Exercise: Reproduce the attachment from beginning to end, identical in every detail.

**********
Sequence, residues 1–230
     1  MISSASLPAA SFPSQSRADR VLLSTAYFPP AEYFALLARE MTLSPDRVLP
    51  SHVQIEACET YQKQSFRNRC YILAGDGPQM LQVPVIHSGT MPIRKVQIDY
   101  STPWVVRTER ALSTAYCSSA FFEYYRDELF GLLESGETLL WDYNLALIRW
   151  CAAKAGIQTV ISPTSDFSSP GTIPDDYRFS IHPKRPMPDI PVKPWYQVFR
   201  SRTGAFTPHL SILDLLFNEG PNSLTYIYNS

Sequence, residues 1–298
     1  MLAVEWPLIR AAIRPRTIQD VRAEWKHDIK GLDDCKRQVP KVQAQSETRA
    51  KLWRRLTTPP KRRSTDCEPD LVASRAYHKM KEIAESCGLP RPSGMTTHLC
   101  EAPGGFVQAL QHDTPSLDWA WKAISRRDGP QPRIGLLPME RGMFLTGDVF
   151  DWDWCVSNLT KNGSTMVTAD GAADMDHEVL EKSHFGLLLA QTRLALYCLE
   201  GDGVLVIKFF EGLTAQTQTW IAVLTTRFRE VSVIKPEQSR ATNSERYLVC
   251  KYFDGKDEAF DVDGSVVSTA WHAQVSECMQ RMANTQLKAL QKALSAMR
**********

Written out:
Sequence, residues 1–230
     1  MISSASLPAA SFPSQSRADR VLLSTAYFPP AEYFALLARE MTLSPDRVLP
    51  SHVQIEACET YQKQSFRNRC YILAGDGPQM LQVPVIHSGT MPIRKVQIDY
   101  STPWVVRTER ALSTAYCSSA FFEYYRDELF GLLESGETLL WDYNLALIRW
   151  CAAKAGIQTV ISPTSDFSSP GTIPDDYRFS IHPKRPMPDI PVKPWYQVFR
   201  SRTGAFTPHL SILDLLFNEG PNSLTYIYNS

Sequence, residues 1–298
     1  MLAVEWPLIR AAIRPRTIQD VRAEWKHDIK GLDDCKRQVP KVQAQSETRA
    51  KLWRRLTTPP KRRSTDCEPD LVASRAYHKM KEIAESCGLP RPSGMTTHLC
   101  EAPGGFVQAL QHDTPSLDWA WKAISRRDGP QPRIGLLPME RGMFLTGDVF
   151  DWDWCVSNLT KNGSTMVTAD GAADMDHEVL EKSHFGLLLA QTRLALYCLE
   201  GDGVLVIKFF EGLTAQTQTW IAVLTTRFRE VSVIKPEQSR ATNSERYLVC
   251  KYFDGKDEAF DVDGSVVSTA WHAQVSECMQ RMANTQLKAL QKALSAMR